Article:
Degree Type

Thesis

Date of Award

2010

Degree Name

Master of Science

Department

Ecology, Evolution, and Organismal Biology

Major

Ecology and Evolutionary Biology

First Advisor

William R. Clark

Abstract

Bobcats (Lynx rufus), once common in the prairie-woodland mosaic of the Midwest, were largely extirpated from the Corn Belt region by 1900. In the 1990's, sightings of bobcats in Iowa began to increase, and they are now abundant in southern Iowa. With the dramatic expansion of rowcrop agriculture resulting in loss of habitat, wildlife managers do not know whether bobcats will again be widespread throughout Iowa. In order to predict where bobcats will eventually repopulate the state, I attempted to identify important variables that correlate with current bobcat distribution and to build models that predict the relative abundance and occurrence of bobcats. I used the programs ArcGIS and FRAGSTATS to calculate landscape composition and configuration from publicly available sources including landcover, census, road, hydrologic, and elevation data. I constructed classification and regression tree (CART) models to identify important variables for predicting bobcat distribution in Iowa. I built linear regression models of bobcat relative abundance at the county resolution. Models were based on bobcat sightings from the Iowa Department of Natural Resources Bowhunter Observation Survey. I also built logistic regression models of bobcat occurrence at the finer sub-watershed resolution. Sub-watersheds were classified by presence or absence based on locations from reported bobcat sightings, live captures, and carcass recoveries. In all models, both probability of bobcat presence and bobcat relative abundance were consistently influenced by the quantity and configuration of perennial grassland across Iowa. None of the models revealed favorable habitat outside of areas known to be occupied by bobcats in Iowa, suggesting that bobcats are already occupying areas of favorable habitat and will not substantially disperse to other parts of the state. These results have practical implications for wildlife conservationists regarding expected bobcat habitat use and distribution as the species becomes more abundant in the agricultural landscape of the Midwest.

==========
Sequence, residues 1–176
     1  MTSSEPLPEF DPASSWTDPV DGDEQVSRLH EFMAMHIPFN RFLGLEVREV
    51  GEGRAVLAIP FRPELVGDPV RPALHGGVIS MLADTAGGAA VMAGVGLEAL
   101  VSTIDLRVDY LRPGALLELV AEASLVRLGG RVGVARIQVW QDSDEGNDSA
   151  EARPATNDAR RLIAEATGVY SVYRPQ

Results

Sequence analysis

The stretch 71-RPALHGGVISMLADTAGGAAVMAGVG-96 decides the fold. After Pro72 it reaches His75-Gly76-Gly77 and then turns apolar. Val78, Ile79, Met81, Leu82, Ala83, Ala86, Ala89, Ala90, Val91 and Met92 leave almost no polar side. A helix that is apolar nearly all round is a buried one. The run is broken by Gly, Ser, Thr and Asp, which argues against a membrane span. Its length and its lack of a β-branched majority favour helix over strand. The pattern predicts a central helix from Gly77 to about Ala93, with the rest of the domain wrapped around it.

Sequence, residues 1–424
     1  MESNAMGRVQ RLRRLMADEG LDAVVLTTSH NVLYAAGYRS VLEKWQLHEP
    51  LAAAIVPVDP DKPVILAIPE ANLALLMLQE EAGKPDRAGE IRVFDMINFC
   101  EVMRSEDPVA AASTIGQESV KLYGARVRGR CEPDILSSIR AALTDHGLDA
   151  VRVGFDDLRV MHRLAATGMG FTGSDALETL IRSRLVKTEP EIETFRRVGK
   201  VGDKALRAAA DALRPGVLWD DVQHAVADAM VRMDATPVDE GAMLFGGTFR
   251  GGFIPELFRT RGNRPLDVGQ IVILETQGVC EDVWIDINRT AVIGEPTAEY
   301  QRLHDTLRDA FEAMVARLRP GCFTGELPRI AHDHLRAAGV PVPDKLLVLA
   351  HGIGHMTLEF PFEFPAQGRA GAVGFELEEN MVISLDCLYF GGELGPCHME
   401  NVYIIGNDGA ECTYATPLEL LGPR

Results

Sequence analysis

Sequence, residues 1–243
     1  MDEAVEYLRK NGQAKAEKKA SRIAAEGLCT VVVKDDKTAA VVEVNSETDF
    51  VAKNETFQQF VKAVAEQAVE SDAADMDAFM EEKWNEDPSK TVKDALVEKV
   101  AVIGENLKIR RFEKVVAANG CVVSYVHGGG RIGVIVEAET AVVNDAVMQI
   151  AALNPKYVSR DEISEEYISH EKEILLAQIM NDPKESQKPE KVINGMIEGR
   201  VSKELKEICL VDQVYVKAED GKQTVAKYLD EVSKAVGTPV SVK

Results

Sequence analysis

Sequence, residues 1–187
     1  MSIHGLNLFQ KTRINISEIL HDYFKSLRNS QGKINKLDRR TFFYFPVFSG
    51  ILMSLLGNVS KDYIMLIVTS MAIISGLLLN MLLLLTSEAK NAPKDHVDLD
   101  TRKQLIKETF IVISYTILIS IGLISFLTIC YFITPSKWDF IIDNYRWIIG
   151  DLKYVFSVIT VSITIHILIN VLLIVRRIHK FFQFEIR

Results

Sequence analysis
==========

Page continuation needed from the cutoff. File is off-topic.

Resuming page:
DOI

https://doi.org/10.31274/etd-180810-860

Copyright Owner

Stephanie Ann Linde

Language

en

Date Available

2012-04-30

File Format

application/pdf

File Size

108 pages

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